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High noise when recording on Windows

Last response: in Components
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March 18, 2012 11:34:36 AM

Hi,
Recently I bought an ASUS Z68 mobo with a built in sound card(Realtek ALC887-VD), the problem is that I get high noise in mic when recording unless I set the Noise Suppression option, the problem is that this option is non-existent in Linux so when recording in Linux I would always get high noise.

To give you an idea of the noise I get, here's the waveform with NS off then on.


And here is the dialog that shows the NS option


Is this normal for mainstream cards or is this a problem with this particular card? Can you recommend a mainstream (built-in) sound card that works well without needing a fancy driver that does half the work for it ? for example does the ALC 889 has this problem?
March 18, 2012 11:46:46 AM

In my experiance, RealTek has always had crappy mic drivers(hardware and software both)... Even playback is iffy...
I would get a Creative card and be merry =P
March 18, 2012 11:52:08 AM

It will generally have more to do with the quality of your mic than it has to do with the sound card. The noise suppression is merely an automated noise profiler and noise reduction system. If you are using a standard PC Mic or boom mic from a headset then this is generally to be expected (though yours looks pretty bad). If this is from a real micraphone (Like a Sure, or AKG) and you are getting this kind of noise, then it means there is something dirty in the system (bad ground, dirty mixer, etc).

Lastly, while it is hard to tell from the immage, it looks like the noise is fan noise combined with static. Try moving away from your computer (if possible) and see if that cleans things up a bit. If that helps then it is time to invest in some quieter/larger fans and heat sinks.
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March 18, 2012 1:28:16 PM

CaedenV said:
It will generally have more to do with the quality of your mic than it has to do with the sound card. The noise suppression is merely an automated noise profiler and noise reduction system. If you are using a standard PC Mic or boom mic from a headset then this is generally to be expected (though yours looks pretty bad). If this is from a real micraphone (Like a Sure, or AKG) and you are getting this kind of noise, then it means there is something dirty in the system (bad ground, dirty mixer, etc).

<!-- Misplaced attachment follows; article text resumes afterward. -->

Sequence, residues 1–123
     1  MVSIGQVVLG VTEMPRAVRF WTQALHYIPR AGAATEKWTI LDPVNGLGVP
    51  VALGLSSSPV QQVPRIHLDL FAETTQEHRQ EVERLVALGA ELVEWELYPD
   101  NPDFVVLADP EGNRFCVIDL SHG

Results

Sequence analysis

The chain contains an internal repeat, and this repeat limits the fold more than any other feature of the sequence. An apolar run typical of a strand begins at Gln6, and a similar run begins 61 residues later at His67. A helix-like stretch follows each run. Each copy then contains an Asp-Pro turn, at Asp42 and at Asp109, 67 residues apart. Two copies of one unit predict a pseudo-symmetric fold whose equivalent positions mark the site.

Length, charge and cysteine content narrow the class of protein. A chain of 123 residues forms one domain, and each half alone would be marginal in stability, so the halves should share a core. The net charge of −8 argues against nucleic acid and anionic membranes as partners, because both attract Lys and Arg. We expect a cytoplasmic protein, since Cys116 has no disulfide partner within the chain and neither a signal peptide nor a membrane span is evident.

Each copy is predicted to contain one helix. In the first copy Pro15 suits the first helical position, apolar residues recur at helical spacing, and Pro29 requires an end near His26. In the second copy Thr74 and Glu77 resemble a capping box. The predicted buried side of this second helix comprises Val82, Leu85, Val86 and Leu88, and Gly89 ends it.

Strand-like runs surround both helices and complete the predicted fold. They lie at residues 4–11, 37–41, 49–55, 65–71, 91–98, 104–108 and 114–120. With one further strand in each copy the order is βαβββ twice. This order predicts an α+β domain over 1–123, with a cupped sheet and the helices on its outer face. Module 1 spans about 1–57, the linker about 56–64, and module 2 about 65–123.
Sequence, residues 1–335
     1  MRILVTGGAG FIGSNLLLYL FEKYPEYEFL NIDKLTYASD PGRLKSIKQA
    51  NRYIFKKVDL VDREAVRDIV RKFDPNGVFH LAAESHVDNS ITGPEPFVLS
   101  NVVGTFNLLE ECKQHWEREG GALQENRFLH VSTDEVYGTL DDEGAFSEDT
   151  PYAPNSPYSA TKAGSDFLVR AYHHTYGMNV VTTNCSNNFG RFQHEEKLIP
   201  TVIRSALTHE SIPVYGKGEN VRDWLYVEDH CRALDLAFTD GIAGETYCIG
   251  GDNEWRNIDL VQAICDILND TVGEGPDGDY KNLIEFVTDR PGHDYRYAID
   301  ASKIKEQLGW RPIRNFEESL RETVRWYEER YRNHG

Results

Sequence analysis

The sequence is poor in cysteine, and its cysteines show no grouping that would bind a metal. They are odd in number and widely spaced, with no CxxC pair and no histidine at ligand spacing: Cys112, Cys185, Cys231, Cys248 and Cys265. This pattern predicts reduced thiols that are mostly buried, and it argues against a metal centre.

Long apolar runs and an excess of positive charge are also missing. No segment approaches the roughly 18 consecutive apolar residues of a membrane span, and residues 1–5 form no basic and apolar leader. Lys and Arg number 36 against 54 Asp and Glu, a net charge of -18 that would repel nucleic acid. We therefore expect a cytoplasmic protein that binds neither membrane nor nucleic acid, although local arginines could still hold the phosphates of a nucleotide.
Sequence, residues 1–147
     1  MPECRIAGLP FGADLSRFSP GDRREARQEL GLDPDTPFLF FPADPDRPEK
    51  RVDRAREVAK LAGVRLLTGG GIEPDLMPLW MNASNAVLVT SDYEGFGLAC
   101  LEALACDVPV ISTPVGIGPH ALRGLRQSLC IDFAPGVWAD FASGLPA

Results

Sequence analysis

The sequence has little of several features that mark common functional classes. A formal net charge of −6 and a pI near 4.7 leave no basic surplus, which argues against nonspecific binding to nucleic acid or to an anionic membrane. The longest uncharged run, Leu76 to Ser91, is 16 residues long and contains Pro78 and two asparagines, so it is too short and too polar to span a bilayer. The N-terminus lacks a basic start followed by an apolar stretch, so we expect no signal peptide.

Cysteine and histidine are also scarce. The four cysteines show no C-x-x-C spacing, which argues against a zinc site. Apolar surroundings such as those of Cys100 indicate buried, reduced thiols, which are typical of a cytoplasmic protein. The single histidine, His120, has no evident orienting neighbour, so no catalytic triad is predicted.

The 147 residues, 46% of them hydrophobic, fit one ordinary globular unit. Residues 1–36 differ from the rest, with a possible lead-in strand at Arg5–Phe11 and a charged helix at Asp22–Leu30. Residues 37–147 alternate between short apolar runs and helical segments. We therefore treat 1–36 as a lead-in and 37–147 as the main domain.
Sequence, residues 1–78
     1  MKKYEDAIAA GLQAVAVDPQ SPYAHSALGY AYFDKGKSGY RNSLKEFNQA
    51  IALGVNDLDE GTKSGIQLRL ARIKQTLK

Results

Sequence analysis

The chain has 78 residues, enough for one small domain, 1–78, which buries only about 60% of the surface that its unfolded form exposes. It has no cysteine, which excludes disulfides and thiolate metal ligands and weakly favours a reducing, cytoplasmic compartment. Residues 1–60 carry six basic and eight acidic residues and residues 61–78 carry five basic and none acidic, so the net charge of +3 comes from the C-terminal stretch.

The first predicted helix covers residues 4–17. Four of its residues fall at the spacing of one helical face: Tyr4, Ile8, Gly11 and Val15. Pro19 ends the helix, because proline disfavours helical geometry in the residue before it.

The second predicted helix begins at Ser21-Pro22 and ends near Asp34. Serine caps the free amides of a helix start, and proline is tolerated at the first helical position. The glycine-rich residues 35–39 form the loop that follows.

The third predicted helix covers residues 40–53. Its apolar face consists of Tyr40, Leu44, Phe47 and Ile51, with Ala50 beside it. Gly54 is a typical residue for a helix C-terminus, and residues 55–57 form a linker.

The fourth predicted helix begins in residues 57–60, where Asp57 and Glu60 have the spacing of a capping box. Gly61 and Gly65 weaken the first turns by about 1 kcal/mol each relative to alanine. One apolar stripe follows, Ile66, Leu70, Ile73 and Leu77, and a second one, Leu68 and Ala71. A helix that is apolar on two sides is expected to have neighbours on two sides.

Lastly, while it is hard to tell from the immage, it looks like the noise is fan noise combined with static. Try moving away from your computer (if possible) and see if that cleans things up a bit. If that helps then it is time to invest in some quieter/larger fans and heat sinks.


I'll do some experiments to try and tell if this is the case or not, however I can barely hear my computer's fan or HDD, the noise I'm referring to is just noise not background audio, unidentifiable noise.

Thanks :) 
March 18, 2012 1:29:20 PM

memadmax said:
In my experiance, RealTek has always had crappy mic drivers(hardware and software both)... Even playback is iffy...
I would get a Creative card and be merry =P


Recommendations for a mainstream card? do you know if it works well in Linux?

Thanks
March 18, 2012 3:23:43 PM

what kind of mic is this(brand, model, analog/digital, balanced/unbalanced)? I know realtek isn't exactly great or anything, but it should not be that bad.

Also, does it matter if this is fixed in realtime? Or for this project do you have the option to deal with it in post? It never ceases to amaze me how well Audition and other programs can clean up background noise without damaging the clarity and fidelity of the source you are trying to pick out. Audacity even has some decent cleanup, but not quite on the same level as others (but heck... it's free, and for free software it is pretty impressive)
March 19, 2012 4:01:48 AM

Creative makes great cards and they are the defacto standard since the early 90's. Linux fully supports any Creative card, all you have to do is pick one.
March 19, 2012 4:02:11 AM

Creative is a company, in case you were wondering. Creative.com
!